If not, then why is it often claimed that the blockchain scaling issue is due to the fact that all tx has to be verified by all full nodes?

As long as a mining node found the correct nonce, the tx will be added to the block and the blockchain advances. It does not matter if the tx is not yet verified by some full nodes in the network.

(Yes, it will most probably get verified by all full nodes after it got into the block and the block propagates throughout the network. But this is not relevant as the blockchain already advanced (assuming there is no fork).)


Does a transaction always get verified and processed by ALL full nodes in the network before it is added into the block by some mining node(s)?

No, the miners add the transaction to a block by mining the block. The block is then sent to a node, which validates the block, and if it passes, then it broadcasts it to other nodes.

It does not matter if the tx is not yet verified by some full nodes in the nerwork.

The transaction must be validated by all the nodes eventually, or it will become extinct and forgotten. "The longest chain wins" means that the chain with the most blocks will be considered valid. This means that (simplifying) if a block was validated by some nodes, but two blocks were validated by more nodes, the two blocks become the new valid blockchain, and the other is discarded. The whole point of proof of work (mining) is to provide a means to establish consensus on which transactions are valid within the network, so eventually all full nodes who follow the rules of the network must validate every new block.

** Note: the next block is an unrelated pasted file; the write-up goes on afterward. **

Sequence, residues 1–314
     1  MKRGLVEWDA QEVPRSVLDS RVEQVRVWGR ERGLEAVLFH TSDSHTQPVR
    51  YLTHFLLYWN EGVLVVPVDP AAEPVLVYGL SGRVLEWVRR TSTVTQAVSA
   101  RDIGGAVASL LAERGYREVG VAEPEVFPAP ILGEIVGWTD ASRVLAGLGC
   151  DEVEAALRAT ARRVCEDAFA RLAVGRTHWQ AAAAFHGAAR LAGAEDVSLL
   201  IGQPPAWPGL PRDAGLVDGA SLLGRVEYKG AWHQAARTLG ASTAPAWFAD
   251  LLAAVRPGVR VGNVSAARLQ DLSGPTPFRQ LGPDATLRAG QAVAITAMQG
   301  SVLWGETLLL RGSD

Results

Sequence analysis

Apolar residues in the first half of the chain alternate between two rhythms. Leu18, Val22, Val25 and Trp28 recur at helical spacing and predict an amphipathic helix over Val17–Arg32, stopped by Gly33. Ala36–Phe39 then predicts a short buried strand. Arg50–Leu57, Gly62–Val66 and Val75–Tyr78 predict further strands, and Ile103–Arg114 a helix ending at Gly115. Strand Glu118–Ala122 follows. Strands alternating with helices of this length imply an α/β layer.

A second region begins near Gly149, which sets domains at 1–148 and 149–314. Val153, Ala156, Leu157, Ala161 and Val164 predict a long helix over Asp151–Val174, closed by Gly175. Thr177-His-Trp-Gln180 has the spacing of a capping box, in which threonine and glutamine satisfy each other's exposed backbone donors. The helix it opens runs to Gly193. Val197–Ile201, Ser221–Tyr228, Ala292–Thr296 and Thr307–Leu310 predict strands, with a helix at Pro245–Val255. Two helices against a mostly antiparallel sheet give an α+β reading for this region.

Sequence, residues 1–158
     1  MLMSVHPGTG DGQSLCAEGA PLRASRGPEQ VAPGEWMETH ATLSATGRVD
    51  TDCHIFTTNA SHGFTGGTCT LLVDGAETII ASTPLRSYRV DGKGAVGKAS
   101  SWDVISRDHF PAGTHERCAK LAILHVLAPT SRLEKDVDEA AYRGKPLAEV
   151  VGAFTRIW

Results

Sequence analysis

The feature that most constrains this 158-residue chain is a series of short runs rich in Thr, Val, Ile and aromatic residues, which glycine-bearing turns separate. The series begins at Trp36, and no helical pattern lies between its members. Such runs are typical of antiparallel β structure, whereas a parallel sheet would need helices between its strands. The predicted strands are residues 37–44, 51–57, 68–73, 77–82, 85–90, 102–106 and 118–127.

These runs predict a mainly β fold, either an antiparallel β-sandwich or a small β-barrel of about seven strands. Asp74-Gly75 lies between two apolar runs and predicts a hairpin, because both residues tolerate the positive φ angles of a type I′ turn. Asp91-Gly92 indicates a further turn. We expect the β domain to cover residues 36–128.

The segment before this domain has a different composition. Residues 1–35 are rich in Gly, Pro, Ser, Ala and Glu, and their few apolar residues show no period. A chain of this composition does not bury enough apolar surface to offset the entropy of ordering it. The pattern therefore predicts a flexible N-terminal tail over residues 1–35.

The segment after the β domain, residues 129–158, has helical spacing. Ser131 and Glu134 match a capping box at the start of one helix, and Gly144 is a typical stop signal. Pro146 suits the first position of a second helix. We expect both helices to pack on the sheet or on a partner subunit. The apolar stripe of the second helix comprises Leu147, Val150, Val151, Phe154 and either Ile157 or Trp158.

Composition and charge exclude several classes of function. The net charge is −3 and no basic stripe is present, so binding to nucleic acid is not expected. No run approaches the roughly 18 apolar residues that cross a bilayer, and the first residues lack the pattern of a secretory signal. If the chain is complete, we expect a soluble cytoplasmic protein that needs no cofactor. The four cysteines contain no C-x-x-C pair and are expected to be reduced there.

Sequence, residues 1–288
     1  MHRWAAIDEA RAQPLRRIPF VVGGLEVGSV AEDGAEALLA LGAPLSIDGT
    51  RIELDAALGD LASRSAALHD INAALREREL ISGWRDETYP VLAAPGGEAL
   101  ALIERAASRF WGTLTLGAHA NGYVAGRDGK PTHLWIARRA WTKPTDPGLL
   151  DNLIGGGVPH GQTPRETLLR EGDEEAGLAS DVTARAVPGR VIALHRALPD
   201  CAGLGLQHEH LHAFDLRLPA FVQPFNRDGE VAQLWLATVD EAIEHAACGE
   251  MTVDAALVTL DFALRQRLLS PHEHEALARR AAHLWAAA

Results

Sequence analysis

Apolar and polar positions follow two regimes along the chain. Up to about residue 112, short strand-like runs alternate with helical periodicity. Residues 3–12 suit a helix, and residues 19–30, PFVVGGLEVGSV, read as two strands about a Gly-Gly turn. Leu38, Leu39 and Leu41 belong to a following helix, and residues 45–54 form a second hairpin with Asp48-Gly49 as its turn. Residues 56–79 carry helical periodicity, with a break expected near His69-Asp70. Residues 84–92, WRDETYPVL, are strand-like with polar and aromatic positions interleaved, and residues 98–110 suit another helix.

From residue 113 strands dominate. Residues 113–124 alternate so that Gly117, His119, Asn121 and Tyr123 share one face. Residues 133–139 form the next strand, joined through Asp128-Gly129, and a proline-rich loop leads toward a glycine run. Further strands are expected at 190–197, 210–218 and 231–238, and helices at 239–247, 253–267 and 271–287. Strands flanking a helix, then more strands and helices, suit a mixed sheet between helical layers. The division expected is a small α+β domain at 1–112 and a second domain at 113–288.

• Thanks. I know everything you said here, but still think it doesn't really answer the question. Indeed all tx will eventually get verified, but when there is no fork, blockchain do advance before the latest transactions get verified by all full nodes, right? When there is fork – Danny Nov 8 '18 at 6:59
  • Indeed the blockchain grows for any nodes that know about the new block. But, it does not grow for the nodes who do not know about it. Each nodes stores a copy of the longest blockchain that they know about. – JBaczuk Nov 8 '18 at 12:51

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